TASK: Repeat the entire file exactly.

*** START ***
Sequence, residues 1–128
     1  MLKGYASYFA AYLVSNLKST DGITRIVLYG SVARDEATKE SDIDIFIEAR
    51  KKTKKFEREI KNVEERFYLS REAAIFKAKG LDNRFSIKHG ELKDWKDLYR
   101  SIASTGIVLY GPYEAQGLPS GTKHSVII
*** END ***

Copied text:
Sequence, residues 1–128
     1  MLKGYASYFA AYLVSNLKST DGITRIVLYG SVARDEATKE SDIDIFIEAR
    51  KKTKKFEREI KNVEERFYLS REAAIFKAKG LDNRFSIKHG ELKDWKDLYR
   101  SIASTGIVLY GPYEAQGLPS GTKHSVII